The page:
Security forces in the Democratic Republic of Congo have killed at least seven people at a protest calling for President Joseph Kabila to step down, UN peacekepers say.
Police said three people had died and two of the deaths were being investigated.
Church activists and opposition parties had backed the demonstration.
Under a deal reached a year ago, Mr Kabila was due to step down by the end of 2017.
That was a year after the end of his second term in office. An election to replace him has now been delayed until December 2018.
Catholic activists had called for protests after Sunday church services, but the Congolese authorities banned the demonstration.
Police used live ammunition and tear gas to prevent protesters from gathering at locations including churches.
Two men were shot dead outside a church in the capital Kinshasa, rights group Human Rights Watch said.
UN spokeswoman Florence Marchal said that in addition to the seven people shot dead in Kinshasa, another protester had been killed in the central city of Kananga,
More than 120 people had been arrested, she said.
She condemned the "use of force against peaceful demonstrators" and the "violent suppression of fundamental rights and freedoms by security forces".
Mr Kabila has been in power since 2001. He was supposed to step down after his second and final term came to an end in 2016 but the vote to replace him was not held.
The failure to organise the polls led to a wave of deadly demonstrations by opposition supporters. The UN says dozens of people have been killed during anti-government protests over the past year.
A deal to create a transitional government brokered by the Catholic church collapsed because the government and the opposition were unable to agree on the power-sharing mechanism.
Eighteen militiamen are on trial in the east of the Democratic Republic of Congo on charges of raping 46 children.
Some of the victims from the village of Kavumu were just 18 months old.
The men allegedly targeted young girls between 2013 and 2016 because a spiritual adviser told them that the blood of virgins would grant them supernatural protection.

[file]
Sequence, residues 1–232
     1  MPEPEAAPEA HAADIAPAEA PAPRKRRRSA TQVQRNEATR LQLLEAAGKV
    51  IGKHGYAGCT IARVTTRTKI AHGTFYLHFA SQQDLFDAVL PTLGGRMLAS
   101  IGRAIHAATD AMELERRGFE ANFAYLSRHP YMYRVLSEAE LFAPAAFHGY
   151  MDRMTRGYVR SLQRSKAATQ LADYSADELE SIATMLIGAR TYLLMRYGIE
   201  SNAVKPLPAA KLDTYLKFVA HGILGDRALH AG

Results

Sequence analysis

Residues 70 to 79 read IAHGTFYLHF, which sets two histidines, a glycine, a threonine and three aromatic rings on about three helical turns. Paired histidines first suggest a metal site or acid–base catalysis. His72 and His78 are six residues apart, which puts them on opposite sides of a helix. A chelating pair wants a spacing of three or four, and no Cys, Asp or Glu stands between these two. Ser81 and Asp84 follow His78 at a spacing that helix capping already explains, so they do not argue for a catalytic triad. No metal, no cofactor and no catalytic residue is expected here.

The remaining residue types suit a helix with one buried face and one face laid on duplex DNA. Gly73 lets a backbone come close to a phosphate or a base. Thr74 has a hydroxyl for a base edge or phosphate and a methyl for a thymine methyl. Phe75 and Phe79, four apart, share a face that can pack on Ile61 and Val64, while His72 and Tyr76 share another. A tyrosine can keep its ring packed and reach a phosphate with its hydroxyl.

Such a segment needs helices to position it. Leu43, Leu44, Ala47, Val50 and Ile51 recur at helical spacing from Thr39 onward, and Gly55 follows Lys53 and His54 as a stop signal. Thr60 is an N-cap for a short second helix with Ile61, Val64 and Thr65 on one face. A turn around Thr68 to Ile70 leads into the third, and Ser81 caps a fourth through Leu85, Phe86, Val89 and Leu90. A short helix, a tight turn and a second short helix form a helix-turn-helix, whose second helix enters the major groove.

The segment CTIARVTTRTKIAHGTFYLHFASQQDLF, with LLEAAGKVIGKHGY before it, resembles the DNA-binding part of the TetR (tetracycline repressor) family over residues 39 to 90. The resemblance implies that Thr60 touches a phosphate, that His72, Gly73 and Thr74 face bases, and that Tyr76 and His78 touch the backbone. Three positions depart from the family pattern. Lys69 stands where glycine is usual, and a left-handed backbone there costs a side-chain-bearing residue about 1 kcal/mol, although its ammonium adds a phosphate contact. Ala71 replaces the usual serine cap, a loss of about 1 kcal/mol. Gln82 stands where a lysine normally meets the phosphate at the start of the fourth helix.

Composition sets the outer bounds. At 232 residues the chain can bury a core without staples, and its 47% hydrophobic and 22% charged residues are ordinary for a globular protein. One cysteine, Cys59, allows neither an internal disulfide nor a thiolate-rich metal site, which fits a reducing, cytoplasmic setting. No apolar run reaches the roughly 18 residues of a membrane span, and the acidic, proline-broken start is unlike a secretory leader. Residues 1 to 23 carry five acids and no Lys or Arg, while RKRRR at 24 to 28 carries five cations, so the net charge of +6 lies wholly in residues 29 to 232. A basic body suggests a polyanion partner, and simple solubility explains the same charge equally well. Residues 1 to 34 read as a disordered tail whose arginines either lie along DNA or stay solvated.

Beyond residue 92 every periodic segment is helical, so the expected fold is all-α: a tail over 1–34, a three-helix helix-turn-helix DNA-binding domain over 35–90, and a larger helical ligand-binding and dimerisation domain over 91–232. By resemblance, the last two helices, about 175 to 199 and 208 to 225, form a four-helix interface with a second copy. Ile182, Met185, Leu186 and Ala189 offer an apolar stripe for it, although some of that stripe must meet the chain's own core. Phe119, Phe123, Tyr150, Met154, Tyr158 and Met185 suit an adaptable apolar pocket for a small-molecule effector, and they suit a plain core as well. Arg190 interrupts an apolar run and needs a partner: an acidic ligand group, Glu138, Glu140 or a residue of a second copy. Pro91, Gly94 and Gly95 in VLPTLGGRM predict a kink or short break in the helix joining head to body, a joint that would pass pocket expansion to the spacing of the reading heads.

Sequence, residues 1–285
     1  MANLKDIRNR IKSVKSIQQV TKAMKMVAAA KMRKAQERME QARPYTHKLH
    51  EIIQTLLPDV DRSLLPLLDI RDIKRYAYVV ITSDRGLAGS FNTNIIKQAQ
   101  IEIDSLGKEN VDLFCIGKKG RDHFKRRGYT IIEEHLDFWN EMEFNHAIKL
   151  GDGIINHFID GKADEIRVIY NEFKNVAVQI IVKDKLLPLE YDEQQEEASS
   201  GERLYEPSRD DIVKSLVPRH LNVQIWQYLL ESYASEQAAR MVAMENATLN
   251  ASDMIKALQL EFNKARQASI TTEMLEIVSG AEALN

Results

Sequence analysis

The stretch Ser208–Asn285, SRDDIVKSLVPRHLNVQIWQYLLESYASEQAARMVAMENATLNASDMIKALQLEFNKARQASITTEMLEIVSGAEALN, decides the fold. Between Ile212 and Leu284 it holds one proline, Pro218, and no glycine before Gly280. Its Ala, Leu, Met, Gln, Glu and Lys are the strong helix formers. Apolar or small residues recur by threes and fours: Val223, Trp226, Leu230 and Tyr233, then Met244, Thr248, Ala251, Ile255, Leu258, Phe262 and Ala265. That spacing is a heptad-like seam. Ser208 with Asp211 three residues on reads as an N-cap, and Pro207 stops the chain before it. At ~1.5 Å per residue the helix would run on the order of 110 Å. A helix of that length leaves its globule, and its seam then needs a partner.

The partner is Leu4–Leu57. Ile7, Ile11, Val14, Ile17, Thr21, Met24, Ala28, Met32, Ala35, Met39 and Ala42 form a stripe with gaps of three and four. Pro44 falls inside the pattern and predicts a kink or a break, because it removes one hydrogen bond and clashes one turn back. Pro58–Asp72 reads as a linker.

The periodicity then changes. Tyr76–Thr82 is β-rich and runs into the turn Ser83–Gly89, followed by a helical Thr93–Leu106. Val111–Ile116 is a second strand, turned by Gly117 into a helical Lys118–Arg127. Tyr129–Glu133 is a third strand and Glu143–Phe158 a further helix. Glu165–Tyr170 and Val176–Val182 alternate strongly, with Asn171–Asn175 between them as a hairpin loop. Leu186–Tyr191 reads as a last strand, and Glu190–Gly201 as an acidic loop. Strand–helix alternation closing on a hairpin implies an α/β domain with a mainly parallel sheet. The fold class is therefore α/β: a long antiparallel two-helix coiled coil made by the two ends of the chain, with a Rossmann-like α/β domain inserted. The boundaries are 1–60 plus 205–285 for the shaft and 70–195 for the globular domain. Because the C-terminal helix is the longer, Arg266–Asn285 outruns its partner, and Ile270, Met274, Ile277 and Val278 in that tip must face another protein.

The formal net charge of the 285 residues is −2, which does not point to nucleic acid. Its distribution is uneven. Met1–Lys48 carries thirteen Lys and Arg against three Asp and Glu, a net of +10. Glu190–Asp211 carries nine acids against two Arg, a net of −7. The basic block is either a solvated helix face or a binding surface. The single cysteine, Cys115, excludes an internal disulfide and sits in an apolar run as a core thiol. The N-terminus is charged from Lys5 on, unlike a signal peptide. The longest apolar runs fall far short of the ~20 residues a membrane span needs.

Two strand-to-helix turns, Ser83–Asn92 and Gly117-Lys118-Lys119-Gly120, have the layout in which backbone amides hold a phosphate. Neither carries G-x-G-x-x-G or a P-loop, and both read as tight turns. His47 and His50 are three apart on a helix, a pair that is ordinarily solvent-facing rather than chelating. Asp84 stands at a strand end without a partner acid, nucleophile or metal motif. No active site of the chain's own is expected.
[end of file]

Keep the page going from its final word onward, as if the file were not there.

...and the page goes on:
The alleged militia leader, Frederic Batumike, a provincial legislator, and the other defendants deny the charges.
Rights groups hope the trial will help to end a culture of rape as a tool of war in DR Congo.
"The start of the trial is a strong signal in the fight against impunity," Jean Chrysostome Kijana, an activist representing the victims, told Reuters news agency.
Proceedings started 10 hours late and lasted only 20 minutes on Thursday, during which time the defendants' names were read aloud, according to Reuters.
Advocacy groups have told Reuters that the case has been particularly difficult to investigate because the victims were so young.
"Their families were often asleep when the alleged rapes occurred," Reuters reports.
Villagers believed a magic powder was being used to induce sleep, investigative journalist Lauren Wolfe told BBC Newsday:
"I thought... Could they [the attackers] be using some kind of herbal anaesthetic? It actually turned out to be true. They were."
She said the militiamen had been illegally squatting on an "extremely fertile" plantation previously owned by a German botanist who was murdered in 2012.
Following more than 20 years of conflict, much of eastern DR Congo is under the control of various militia groups.
The Democratic Republic of Congo was labelled "the rape capital of the world" by Margot Wallstrom, the former UN special representative on sexual violence in conflict.
Writing in The Guardian, Wolfe says that two years ago "one UN official resigned out of frustration at the UN's continued failure to halt the atrocities" in Kavumu.
Democratic Republic of Congo’s electoral commission announced Wednesday that the vote to replace President Joseph Kabila expected by the end of the year will not happen before the start of 2019.
Kabila officially ended his term in office in December, but he was allowed to stay in exchange for guarantees that elections will be held.
The delay could be reduced "if we accept to use voting machines and if we change the electoral law," a commission spokesman told AFP.
Following a meeting of the UN Security Council in New York, French Ambassador Francois Delattre called on Kinshasa to quickly release a full timetable for what he said must be "credible" elections.
"The council expects a speedy publication of the electoral timetable and the implementation of the confidence-building measures. There is a consensus on this very important point," Delattre told reporters.
The Security Council called for elections to be organised this year in the DR Congo, in line with a political agreement reached between the government and opposition groups.
But diplomats privately acknowledged that holding polls in the vast African country in the coming three months would not be possible due to logistical hurdles.
Diplomats said they did not consider the latest statement from the electoral commission as a formal timetable, which they stressed must contain specific dates for the vote.